It’s Winter again and every year we know temperatures are going to go below the freezing point. If you’re homeless or living in poverty, cialis prostate there’s no way to escape the cold and protect yourself from the pain of freezing wind on your skin without shelter.
Yet, discount cialis advice across the country, thousands of cities and municipalities are tearing down thousands of low-income affordable housing units (aka public housing) in favor of mixed income housing. The problem is if you have no income or chance of a living wage job (like thousands of people in Detroit), and you’ve been drastically time-limited off of public assistance (like Gov. Snyder has done to thousands of families across Michigan), what are your housing options?
These are questions MWRO and the Housing is a Human Rights Coalition discuss on a daily basis. You ask, but aren’t there places where low income people (under 62 years old) can get housing assistance and take shelter?
|Detroit Shelter. Photo courtesy: VoiceOfDetroit.net|
- Forget the homeless shelters, they’re full and oftentimes not safe spaces for children.
- Forget Section 8, the wait list (if you can get on one) is 2-4 years long.
- Forget HUD public housing projects, thousands of units are torn down annually and those that get saved are converted to senior housing apartments.
- Forget privately managed apartment buildings, they require credit checks, large deposits, first and last month rents, steady income, silent children and babies — oh, yeah…and a pint of blood.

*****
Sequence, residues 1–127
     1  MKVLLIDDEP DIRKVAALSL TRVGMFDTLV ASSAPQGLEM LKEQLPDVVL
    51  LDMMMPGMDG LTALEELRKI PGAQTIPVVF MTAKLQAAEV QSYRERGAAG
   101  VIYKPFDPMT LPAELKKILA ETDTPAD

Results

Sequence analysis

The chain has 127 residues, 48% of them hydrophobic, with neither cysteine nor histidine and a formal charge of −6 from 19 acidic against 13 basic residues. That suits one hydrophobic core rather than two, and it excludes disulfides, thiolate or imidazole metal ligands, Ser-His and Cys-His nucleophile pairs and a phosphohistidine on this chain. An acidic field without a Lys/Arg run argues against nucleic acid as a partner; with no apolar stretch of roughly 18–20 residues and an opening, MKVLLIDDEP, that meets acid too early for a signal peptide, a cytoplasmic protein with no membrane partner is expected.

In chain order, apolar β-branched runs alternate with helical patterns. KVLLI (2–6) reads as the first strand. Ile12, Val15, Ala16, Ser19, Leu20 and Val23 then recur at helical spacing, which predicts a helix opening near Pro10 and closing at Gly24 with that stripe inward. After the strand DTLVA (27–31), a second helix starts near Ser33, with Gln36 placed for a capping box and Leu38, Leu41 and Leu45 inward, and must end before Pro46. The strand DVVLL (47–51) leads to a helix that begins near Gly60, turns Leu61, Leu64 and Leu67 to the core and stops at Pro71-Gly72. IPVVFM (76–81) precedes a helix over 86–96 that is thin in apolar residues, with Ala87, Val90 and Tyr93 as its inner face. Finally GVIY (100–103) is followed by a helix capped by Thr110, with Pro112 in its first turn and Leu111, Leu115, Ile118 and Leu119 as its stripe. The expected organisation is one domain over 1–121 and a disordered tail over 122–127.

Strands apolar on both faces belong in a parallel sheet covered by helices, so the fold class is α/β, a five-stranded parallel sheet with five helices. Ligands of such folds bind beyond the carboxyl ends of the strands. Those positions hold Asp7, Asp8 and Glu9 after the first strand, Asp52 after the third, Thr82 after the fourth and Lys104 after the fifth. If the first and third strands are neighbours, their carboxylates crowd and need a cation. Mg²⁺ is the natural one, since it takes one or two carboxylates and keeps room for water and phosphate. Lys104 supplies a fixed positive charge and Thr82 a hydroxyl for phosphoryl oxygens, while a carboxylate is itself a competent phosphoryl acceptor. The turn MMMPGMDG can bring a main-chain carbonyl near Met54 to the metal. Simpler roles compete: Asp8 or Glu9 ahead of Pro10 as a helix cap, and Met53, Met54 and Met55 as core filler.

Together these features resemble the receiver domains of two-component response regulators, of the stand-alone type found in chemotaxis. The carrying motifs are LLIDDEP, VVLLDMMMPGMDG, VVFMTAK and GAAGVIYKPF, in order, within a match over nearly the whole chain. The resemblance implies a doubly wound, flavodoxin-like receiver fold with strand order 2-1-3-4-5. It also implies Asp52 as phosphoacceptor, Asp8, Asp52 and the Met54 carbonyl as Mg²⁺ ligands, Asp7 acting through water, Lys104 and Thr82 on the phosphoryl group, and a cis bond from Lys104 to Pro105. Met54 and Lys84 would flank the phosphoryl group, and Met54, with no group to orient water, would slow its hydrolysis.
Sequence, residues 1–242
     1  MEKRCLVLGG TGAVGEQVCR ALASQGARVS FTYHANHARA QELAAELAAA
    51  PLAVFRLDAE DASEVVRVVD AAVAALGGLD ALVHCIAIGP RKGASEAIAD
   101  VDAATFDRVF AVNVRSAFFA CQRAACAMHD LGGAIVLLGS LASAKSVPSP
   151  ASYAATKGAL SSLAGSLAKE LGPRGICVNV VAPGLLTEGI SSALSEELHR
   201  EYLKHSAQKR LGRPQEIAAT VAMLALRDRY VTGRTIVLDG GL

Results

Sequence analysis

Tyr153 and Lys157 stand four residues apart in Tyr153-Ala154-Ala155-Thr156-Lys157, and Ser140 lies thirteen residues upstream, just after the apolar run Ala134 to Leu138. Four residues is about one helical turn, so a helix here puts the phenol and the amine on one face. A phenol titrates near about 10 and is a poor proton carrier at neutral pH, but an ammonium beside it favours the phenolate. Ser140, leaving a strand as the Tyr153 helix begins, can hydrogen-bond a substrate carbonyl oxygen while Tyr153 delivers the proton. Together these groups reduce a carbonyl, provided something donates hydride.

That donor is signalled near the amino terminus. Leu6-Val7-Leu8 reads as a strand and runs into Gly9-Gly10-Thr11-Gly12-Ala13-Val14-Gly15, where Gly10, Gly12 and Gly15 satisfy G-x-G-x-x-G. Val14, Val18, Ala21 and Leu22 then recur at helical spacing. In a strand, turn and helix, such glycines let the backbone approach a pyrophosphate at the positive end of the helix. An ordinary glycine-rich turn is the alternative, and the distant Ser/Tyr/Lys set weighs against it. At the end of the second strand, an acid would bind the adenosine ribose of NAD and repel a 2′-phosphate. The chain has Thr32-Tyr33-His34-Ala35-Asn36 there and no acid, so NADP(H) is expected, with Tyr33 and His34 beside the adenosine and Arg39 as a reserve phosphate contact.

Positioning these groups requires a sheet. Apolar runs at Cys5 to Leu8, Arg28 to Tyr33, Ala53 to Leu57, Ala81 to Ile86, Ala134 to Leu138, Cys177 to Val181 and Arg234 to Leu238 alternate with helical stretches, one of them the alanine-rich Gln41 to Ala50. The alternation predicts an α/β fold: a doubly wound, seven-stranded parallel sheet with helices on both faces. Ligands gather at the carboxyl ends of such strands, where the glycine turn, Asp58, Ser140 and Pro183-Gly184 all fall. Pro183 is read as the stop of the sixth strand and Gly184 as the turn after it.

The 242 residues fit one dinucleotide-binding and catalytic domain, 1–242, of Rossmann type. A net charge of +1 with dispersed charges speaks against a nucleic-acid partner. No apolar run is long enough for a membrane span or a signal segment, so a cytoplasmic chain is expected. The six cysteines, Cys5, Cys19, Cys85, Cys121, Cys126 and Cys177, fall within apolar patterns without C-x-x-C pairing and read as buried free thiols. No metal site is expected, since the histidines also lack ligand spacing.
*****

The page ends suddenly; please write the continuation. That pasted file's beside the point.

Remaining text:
In fact, more people are being displaced from Detroit affordable housing as we post this: Developers, HUD, Non-Profits Collude To Move Detroit Seniors, Disabled Out Of Downtown Griswold Apts.
In Detroit and across the state of Michigan millions of dollars in federal housing assistance aid come through (like the Step Forward Program) to help families prevent foreclosure and to keep homeless shelters running. These are surely needed funds.
But what we also need are programs and policies to rebuild good housing stock in Detroit — not tear it down — specifically for LOW INCOME families. At this time there are no public officials, private developers, non-profit organizations or housing authorities addressing this critical need.
MWRO and HHRC are working with local residents and officials to educate the community on this dire situation and build solutions. We invite you to learn more about this on the HHRC website.
To sign up for our next set of housing workshops, call MWRO at (313) 964-0618.